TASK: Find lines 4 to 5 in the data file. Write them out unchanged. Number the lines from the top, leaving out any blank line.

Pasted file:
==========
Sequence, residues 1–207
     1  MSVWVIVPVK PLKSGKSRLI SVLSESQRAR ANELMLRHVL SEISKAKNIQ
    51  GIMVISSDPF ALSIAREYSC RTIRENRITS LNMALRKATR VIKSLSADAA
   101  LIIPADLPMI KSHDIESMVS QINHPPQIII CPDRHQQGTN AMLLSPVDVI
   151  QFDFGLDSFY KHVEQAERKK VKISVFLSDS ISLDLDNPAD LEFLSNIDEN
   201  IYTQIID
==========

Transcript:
   101  LIIPADLPMI KSHDIESMVS QINHPPQIII CPDRHQQGTN AMLLSPVDVI
   151  QFDFGLDSFY KHVEQAERKK VKISVFLSDS ISLDLDNPAD LEFLSNIDEN